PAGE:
The composition of the process stream will also contribute to the overall risk of leachables and extractables occurring. Because
plastics are not typically compatible with all chemicals, the process stream extraction risks can be higher depending on the
solvent and chemical concentration of specific components. First and foremost, the chemical compatibility of each of the
single-use components must be understood to ensure that the process stream does not contain chemicals that will adversely
affect the disposable item. Additionally, as the pH moves away from neutral to either alkaline or acidic, the risk increases
for leachables to occur. For example, a 1N NaOH solution will pose higher risk than one of 0.1N.
In addition to concentration and material incompatibility, the temperature of the process stream can affect the risk of leachables
and extractables being transferred into the product. Typically, the extractables qualification tests include elevated temperatures
because, as temperature increases, the extraction risk increases as well. Conversely, lower process temperatures provide the
least risk of this occurring. Additionally, the single-use item may be exposed to heat during the serilization process. If
the item is heat-sterilized, there may be a greater risk of transferring extractables to the process stream.
How the drug product will be used will also play into the overall risk of leachables and extractables. Although typically
how the drug product is used cannot be adjusted to reduce the risk, the qualification activities may be increased to ensure
that the single-use item is safe to use for the process. The risk assessment should consider what the final dosage will be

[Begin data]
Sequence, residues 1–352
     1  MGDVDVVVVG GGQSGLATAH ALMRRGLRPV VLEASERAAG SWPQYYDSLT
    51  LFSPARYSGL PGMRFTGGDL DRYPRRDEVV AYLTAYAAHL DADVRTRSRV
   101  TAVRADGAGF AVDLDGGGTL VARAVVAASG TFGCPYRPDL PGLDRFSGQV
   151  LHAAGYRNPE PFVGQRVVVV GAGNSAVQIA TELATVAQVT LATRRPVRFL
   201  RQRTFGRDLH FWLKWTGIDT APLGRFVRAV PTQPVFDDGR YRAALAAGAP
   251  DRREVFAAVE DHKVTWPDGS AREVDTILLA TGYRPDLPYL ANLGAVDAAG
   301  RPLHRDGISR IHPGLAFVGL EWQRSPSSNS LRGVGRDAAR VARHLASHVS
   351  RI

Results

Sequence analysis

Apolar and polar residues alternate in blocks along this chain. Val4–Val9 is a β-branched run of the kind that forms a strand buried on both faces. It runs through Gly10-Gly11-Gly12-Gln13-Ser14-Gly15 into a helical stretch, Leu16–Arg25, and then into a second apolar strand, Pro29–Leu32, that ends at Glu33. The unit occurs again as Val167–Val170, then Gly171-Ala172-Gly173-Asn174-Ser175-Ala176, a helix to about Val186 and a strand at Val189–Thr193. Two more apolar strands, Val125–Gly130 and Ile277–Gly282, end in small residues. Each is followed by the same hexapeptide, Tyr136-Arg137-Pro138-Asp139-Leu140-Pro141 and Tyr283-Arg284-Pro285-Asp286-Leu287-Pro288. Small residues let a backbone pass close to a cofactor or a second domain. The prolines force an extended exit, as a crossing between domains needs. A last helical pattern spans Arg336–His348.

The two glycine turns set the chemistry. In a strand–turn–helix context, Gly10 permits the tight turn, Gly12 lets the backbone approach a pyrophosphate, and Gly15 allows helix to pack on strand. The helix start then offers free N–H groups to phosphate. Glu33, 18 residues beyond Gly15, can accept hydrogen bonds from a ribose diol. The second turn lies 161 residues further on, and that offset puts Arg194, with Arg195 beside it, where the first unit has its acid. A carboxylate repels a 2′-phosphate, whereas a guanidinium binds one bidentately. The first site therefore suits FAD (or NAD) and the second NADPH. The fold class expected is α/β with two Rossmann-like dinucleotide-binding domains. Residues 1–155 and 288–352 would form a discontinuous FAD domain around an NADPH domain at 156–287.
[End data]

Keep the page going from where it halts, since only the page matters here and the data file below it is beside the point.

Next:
and how often the patient will receive the drug. The more of the drug product the patient receives, the greater the exposure
to potential leachables and extractables; therefore, the risk is greater. Route of administration needs to be considered.
If the product is an injectable then the risk is much higher than if the product is a topical agent.
What is already known about the single-use item should be used in the risk assessment. Vendor-supplied data should be analyzed
for the material safety risks. Material safety risks serve to document what is currently known about the materials of construction.
Again, the risk assessment needs to ensure that all component parts on the single-use item are accounted for within the vendor
qualification package. Toxicity and/or biocompatibility (USP class VI classified) testing should have already been performed
and documented. All components should be Animal Derived Component Free (ADCF) or EMEA 410/01 compliant. A great advantage
to the risk assessment for implementing single-use items is that vendors will have their own extractable studies that can
be referenced. A toxicologist should review the extracted substances to determine if they are acceptable. The conditions under
which the extractable tests were performed should be observed; the manufacturing process might not get anywhere near these
conditions but keep in mind that these tests are performed at worst-case conditions to see what can be extracted. Another
thing to look for in the vendor qualification package is to see if the plastics are certified under Code of Federal Regulations (CFR) 21. 177. Although this certification is for food contact surfaces, it can reduce the overall risk because the plastics were
derived from a more controlled process. A summary of key risk factors is illustrated in Table I.
Table I: Key risk factors for single-use components.
Qualification activities maybe reduced depending on risk to the process/product. Each qualification activity should be looked
at individually with respect to how the single-use item will be used in the process and how high it scored on the risk assessment.
Not every single-use item will need to undergo leachable testing if the risk score is low enough, which saves time and capital
for the single-use item implementation. Keep in mind that if one component on the single-use assembly scored higher than the
other component parts, it may be possible to have the suggested qualification activities performed on just that part and not
the entirety of the assembly.